If there is a job in the world that requires one of the highest levels of motivation, I would say it is doing a PhD. Pushing yourself out of bed daily to enter the lab ain’t an easy task, especially when your results are dodgy or you have unluckily found that your lab-mates or project colleagues are not the kind of people you really gel with. Anything from a tough project, elusive results to not-so-helpful colleagues can bring your motivation down. But I have always believed that when the going gets tough, the tough gets going!

So on that Mantra, here I am, a PhD student, thinking about what can help me get a successful PhD after all these years of slogging and more importantly – how do I keep myself motivated all the time in the midst of clonings that did not work, proteins that would not express or simply people that are not the friendliest? Here is a list of things for mortals like me that could help:

1. Create Your Personalized Mentor Team

You might join a team in a lab that is awesome and you are completely satisfied with the guidance and support. But there is also a chance that you might join a lab where you are not guided the way you want or need to be. Do not stick around feeling miserable – this is your project so take control! I believe that for success in any team, it is crucial that we work with like-minded positive people. However, if they are not in the team, look further afield to find them and go talk to them.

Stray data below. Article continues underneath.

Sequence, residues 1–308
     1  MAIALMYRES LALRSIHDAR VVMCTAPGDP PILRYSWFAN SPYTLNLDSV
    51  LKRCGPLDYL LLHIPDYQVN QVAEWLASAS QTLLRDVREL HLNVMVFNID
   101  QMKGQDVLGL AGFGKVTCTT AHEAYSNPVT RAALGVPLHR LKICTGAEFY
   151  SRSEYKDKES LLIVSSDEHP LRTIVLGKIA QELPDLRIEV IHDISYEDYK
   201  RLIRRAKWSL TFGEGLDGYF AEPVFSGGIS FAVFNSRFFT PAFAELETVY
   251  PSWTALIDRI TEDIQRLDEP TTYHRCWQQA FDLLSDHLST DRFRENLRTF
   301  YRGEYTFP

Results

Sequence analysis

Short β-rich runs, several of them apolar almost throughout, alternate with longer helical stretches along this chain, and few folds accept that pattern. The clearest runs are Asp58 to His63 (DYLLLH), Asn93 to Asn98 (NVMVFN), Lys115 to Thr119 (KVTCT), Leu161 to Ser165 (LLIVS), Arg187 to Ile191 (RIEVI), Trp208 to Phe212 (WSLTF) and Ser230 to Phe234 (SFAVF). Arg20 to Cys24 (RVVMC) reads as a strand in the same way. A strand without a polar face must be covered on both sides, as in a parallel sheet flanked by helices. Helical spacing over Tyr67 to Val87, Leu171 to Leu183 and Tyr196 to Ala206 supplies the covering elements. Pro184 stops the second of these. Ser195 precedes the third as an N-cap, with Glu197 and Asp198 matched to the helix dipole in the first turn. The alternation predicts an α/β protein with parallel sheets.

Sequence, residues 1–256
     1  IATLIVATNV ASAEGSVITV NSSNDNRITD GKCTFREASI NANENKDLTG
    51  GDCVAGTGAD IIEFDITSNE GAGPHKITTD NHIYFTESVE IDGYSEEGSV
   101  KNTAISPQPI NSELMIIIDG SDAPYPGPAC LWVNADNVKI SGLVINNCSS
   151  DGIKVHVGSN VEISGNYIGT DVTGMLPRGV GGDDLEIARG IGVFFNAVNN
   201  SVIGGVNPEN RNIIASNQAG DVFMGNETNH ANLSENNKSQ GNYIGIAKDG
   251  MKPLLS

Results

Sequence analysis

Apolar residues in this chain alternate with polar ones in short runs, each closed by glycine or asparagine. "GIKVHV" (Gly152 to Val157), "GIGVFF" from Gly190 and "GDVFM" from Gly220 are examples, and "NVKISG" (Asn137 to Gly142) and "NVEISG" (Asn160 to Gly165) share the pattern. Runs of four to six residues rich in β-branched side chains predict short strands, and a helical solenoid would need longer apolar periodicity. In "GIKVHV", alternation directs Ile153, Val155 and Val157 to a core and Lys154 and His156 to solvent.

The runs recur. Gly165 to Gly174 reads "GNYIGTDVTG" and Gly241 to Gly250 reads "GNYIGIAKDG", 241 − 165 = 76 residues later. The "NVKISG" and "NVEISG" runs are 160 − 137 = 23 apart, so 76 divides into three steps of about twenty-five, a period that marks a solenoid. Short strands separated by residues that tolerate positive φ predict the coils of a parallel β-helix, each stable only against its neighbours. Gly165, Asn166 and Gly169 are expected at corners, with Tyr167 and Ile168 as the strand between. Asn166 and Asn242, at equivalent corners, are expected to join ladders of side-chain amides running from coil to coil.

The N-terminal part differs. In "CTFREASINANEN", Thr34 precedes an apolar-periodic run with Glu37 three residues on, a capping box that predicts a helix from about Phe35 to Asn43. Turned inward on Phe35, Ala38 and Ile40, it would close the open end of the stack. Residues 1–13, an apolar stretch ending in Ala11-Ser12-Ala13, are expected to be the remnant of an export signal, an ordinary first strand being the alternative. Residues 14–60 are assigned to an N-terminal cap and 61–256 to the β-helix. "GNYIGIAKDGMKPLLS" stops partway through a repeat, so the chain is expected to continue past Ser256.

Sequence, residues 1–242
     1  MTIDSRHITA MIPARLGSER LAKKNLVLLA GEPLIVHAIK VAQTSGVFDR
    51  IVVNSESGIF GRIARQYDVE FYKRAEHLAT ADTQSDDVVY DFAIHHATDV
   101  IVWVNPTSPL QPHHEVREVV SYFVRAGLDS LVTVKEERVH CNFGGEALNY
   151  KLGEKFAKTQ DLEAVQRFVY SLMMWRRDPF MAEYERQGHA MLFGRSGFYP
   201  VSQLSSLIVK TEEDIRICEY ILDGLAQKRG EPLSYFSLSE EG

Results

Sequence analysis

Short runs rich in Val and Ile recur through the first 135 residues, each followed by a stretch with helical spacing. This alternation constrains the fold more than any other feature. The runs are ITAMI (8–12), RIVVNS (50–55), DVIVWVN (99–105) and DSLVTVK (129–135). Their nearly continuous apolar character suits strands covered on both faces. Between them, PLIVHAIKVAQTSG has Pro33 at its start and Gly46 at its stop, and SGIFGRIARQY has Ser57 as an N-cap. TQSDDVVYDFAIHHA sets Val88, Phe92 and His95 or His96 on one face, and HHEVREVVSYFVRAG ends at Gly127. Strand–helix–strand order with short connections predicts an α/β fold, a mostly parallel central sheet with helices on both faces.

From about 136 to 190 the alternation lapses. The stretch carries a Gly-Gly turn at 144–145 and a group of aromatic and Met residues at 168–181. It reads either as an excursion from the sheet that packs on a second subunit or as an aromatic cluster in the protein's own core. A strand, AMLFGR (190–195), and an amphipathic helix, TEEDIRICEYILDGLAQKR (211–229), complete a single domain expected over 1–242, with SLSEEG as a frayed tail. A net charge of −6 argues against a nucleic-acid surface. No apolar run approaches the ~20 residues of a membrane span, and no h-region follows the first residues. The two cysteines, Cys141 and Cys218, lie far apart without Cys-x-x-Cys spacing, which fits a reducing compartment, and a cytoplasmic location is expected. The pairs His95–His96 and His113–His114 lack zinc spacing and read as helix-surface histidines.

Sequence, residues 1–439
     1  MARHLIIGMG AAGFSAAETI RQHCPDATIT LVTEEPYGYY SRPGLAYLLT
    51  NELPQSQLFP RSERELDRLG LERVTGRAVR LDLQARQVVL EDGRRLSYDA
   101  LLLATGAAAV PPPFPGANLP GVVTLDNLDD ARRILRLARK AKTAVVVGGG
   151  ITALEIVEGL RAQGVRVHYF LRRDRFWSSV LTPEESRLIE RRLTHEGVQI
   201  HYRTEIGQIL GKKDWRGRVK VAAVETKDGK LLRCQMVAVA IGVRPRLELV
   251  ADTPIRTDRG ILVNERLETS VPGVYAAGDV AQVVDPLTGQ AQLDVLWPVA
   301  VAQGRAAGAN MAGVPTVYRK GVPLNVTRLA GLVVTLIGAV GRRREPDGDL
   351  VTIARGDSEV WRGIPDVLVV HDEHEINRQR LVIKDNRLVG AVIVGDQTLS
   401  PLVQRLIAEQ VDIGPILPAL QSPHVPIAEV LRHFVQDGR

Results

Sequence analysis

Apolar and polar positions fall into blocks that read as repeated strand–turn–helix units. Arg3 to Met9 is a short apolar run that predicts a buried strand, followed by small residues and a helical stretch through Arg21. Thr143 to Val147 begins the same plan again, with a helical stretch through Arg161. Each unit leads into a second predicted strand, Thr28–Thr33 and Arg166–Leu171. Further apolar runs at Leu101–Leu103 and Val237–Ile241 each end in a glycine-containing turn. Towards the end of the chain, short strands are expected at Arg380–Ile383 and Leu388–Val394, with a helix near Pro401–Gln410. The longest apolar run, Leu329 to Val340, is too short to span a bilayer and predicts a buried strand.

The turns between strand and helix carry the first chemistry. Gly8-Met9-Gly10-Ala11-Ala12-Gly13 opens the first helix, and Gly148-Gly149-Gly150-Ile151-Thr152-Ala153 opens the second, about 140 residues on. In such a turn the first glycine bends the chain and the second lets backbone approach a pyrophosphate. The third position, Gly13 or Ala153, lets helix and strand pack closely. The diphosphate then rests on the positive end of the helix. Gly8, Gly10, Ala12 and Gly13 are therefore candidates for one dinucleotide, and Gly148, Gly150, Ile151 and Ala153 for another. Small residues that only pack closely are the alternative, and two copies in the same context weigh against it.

2. Learn How to Take Criticism and Advice

For improvement in any area of life or work, we must be open to constructive criticism. So when you encounter people who want to help you do better by correcting your flaws, you must take their advice and criticism positively. It will go a long way in helping you develop into a budding scientist and not just a run-of-the-mill graduate. It is better if these mentors come from a similar field but they could also be scientists or postdocs from neighboring labs or other institutes. It never hurts to have some honest assessment and support during your PhD.

3. Make a 3 Month Plan of Your Goals